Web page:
During a speech on Sunday at the Straits Forum in Xiamen, China, and in an opinion piece published in the pro-Beijing China Times on Tuesday, media pundit Joyce Huang (黃智賢) unequivocally called for Taiwan to be unified with China.
She praised Chinese President Xi Jinping (習近平) for his willingness to apply the “one country, two systems” model — which is foundering in Hong Kong — to Taiwan, saying it demonstrates his “respect” for and “goodwill” toward the nation.
She also wrote of how the continued cross-strait “status quo” would only lead to Taiwan’s increased marginalization, and how unification needs to be achieved for the sake of the next generation.
Huang’s sentiments undoubtedly found support from some quarters in Taiwan, but were met with anger from others. Several online commentators called for the government to rescind her citizenship.
Others asked her brother, Tainan Mayor Huang Wei-che (黃偉哲), of the Democratic Progressive Party, what he thought of her comments. He said that they have opposing viewpoints and that Taiwan is a democratic nation that observes freedom of expression.
Therein lies the tension between protecting freedom of expression and safeguarding the nation from interference from hostile foreign powers.
On May 10, China held a forum in Beijing for members of the media in Taiwan and China. The forum was organized by Taiwan’s Want Want China Times Group and China’s Beijing Daily Group. Want Want owns the China Times, while the Beijing Daily is the official newspaper of the Chinese Communist Party’s Beijing Municipal Committee.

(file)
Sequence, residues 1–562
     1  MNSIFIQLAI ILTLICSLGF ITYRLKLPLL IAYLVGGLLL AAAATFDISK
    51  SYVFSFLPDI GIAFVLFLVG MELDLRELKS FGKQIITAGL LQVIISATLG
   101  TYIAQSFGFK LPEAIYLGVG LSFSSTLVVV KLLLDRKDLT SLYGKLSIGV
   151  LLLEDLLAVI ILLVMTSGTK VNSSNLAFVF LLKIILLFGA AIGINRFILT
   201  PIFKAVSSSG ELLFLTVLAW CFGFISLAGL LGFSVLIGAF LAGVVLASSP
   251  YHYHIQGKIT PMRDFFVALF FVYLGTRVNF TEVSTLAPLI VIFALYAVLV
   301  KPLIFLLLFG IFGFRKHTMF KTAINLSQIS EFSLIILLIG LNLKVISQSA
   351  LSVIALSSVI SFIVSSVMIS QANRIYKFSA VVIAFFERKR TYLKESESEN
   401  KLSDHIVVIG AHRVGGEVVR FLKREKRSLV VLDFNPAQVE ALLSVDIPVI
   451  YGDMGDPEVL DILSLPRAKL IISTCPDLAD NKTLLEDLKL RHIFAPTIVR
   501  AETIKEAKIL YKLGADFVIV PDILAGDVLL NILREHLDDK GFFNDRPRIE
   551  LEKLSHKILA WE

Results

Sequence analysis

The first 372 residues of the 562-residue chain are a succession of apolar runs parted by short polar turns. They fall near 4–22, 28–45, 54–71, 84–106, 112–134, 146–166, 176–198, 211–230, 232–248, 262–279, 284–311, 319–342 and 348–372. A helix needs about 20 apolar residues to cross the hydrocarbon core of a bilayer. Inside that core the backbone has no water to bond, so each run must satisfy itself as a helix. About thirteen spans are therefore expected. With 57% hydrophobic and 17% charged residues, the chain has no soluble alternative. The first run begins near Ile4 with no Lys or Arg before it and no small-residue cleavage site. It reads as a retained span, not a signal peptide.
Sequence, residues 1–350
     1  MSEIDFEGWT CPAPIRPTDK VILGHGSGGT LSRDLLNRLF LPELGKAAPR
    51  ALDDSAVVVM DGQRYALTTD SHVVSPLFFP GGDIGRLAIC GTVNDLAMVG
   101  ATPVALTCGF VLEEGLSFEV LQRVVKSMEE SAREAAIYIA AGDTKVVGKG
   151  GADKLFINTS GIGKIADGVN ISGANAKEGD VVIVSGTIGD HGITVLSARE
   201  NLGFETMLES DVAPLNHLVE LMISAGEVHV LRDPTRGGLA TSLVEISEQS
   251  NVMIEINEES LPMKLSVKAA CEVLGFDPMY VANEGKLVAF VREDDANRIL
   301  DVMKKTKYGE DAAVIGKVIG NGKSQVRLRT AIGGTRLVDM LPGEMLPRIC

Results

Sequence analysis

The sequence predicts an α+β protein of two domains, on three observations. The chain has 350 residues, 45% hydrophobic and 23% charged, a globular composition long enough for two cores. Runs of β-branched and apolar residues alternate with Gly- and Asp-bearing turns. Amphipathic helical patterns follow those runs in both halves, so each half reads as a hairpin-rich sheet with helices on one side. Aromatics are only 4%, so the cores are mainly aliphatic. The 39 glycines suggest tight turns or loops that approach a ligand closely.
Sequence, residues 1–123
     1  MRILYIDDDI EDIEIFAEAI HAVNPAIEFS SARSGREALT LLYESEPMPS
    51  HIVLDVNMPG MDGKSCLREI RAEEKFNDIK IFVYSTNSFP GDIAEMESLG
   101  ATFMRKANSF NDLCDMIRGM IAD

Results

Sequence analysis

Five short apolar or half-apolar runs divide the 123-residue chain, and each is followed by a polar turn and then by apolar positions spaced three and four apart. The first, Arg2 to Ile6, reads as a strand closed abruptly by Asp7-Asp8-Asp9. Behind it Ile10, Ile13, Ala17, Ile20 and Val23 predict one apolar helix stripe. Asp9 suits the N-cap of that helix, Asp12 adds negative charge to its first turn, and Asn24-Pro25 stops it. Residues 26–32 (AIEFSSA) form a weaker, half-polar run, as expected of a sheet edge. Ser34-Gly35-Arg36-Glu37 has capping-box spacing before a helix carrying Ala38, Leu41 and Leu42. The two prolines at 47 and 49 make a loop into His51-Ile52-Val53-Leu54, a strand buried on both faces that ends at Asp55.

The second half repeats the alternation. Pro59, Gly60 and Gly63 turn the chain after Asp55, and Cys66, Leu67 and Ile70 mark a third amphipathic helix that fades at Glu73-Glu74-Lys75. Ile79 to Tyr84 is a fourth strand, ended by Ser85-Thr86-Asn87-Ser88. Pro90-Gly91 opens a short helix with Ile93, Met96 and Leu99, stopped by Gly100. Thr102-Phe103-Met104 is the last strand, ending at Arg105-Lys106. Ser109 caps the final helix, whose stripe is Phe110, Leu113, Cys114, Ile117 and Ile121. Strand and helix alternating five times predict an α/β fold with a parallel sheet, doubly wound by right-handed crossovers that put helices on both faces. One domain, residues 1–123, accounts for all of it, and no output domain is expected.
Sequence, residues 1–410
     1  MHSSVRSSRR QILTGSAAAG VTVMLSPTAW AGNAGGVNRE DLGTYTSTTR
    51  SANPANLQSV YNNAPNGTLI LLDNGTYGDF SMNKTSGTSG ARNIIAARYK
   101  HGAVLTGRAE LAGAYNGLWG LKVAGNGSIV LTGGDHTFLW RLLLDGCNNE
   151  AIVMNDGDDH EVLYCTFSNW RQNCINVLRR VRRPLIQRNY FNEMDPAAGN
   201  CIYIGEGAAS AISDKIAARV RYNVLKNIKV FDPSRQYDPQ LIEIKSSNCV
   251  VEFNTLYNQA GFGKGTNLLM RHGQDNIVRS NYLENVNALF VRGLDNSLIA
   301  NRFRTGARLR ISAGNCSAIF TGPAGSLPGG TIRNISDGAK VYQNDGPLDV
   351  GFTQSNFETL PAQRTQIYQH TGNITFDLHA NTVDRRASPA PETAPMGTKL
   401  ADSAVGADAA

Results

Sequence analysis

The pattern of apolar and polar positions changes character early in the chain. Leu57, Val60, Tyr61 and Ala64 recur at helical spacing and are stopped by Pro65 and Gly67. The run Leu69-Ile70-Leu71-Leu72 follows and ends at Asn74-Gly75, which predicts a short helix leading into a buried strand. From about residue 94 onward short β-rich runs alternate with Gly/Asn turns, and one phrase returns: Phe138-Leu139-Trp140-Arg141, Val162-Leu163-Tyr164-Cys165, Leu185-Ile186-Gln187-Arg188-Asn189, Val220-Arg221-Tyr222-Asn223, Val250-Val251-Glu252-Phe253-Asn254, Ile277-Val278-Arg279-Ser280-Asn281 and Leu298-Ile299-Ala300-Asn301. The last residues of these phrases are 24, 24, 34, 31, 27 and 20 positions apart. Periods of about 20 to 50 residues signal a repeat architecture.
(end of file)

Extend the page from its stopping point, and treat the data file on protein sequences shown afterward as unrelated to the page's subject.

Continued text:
Present were Want Want China Times Group president Tsai Shao-chung (蔡紹中) and chairman Tsai Eng-meng (蔡衍明), Chinese People’s Political Consultative Conference Chairman Wang Yang (汪洋), China’s Taiwan Affairs Office Minister Liu Jieyi (劉結一), and former Taichung mayor and Chinese Nationalist Party (KMT) vice chairman Jason Hu (胡志強).
The stated purpose of the forum was “to promote exchanges and cultural activity between the Chinese and Taiwanese media, to facilitate cooperation between members, and to jointly work toward the realization of the Great Renaissance of the Chinese nation and the creation of a conducive public discourse to this end.”
Wang said that the realization of “peaceful unification and ‘one country, two systems’ [on Taiwan] relied on the efforts of the media.”
Liu talked of how time and power were on the side of China, and called on the Taiwanese media to work hard to promote the ideas of unification and the “renaissance of the Chinese nation” among Taiwanese, saying that “history will remember you.”
The forum was openly calling on the pro-China media in Taiwan to make Taiwanese more amenable to unification, specifically under a “one country, two systems” model, and to persuade them that this is part of their destiny.
Huang’s speech and article can be seen as an extension of this effort.
The Chinese authorities are well aware of how hard it is to sell unification and the “one country, two systems” model to the majority of Taiwanese.
This media push is another facet of Beijing’s “united front” efforts.
The forum was not a backroom, closed door affair, but an open one with a number of Taiwanese media representatives attending. Beijing wanted it to be reported in Taiwan and it wanted Taiwanese to see it. The medium was part of the message.
On Sunday, there will be a march in Taipei calling for the government to take action to rein in the pro-China media. Nobody wants a return to Martial Law-era restrictions on the fourth estate, but it is of paramount importance that the public is made aware of what is happening.
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